Promisor: Party to contract who made promise that benefits third party
Promisee: Party to contract who owes something to promisor in exchange for promise made to third-party
Creditor beneficiary: Third party who benefits from contract in which promisor agrees to pay promisee's
Donee beneficiary: Third party who benefits from contract in which promisor agrees to give a gift to third
Vesting: Maturing of rights, such that a party can legally act on the rights
Incidental beneficiary: Third party who unintentionally gains benefit from contract between other parties;
contracting parties do not intend to benefit incidental beneficiary; incidental beneficiaries cannot sue to
enforce contract obligations
Creditor Versus Donee Beneficiaries
• Contractual performance fulfills
obligation to third party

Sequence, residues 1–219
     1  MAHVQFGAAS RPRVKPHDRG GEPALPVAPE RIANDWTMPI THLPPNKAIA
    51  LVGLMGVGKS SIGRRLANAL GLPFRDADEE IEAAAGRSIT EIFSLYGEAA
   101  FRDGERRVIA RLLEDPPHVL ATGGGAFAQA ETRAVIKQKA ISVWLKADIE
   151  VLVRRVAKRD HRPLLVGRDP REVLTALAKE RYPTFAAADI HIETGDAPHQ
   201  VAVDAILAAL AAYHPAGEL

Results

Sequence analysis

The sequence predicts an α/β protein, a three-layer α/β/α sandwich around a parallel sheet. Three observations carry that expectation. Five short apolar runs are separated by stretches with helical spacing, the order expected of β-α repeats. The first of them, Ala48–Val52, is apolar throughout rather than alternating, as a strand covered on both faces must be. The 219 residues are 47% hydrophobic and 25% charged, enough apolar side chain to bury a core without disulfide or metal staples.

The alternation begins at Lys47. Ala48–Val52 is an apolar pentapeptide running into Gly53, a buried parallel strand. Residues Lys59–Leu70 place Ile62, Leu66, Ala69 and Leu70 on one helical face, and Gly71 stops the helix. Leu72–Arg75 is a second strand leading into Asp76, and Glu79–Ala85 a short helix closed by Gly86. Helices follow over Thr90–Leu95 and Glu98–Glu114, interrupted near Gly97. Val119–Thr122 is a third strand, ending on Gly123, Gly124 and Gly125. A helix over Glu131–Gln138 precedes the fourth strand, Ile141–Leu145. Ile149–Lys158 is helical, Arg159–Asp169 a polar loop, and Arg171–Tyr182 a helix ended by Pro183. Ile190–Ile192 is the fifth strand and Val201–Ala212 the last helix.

• Beneficiary can enforce rights to
contract if contract valid and rights
• Contractual performance gives a gift
promisor or promisee
• Beneficiary has limited ability to
• Beneficiary can enforce rights against
to third party
enforce contract (depending on
• Beneficiary can enforce rights against
• Contracting parties intended to
benefit third party with their contract
• Beneficiary has right to enforce
• Beneficiary benefits from direct
reception of contractual
• Contracting parties did not intend to
benefit third party with contract
• Beneficiary does not have right to
• Beneficiary benefits from indirect
circumstances created by contractual
Chapter 19 Hypothetical Case 3
Barbara Hastings has no children of her own, but she does have a beloved niece named Ellen Laughridge. Attentive to the future financial needs of Laughridge, Hastings
secures a $500,000 life insurance contract from Chameleon Insurance Company, listing Laughridge as the sole beneficiary. Hastings has every intention to inform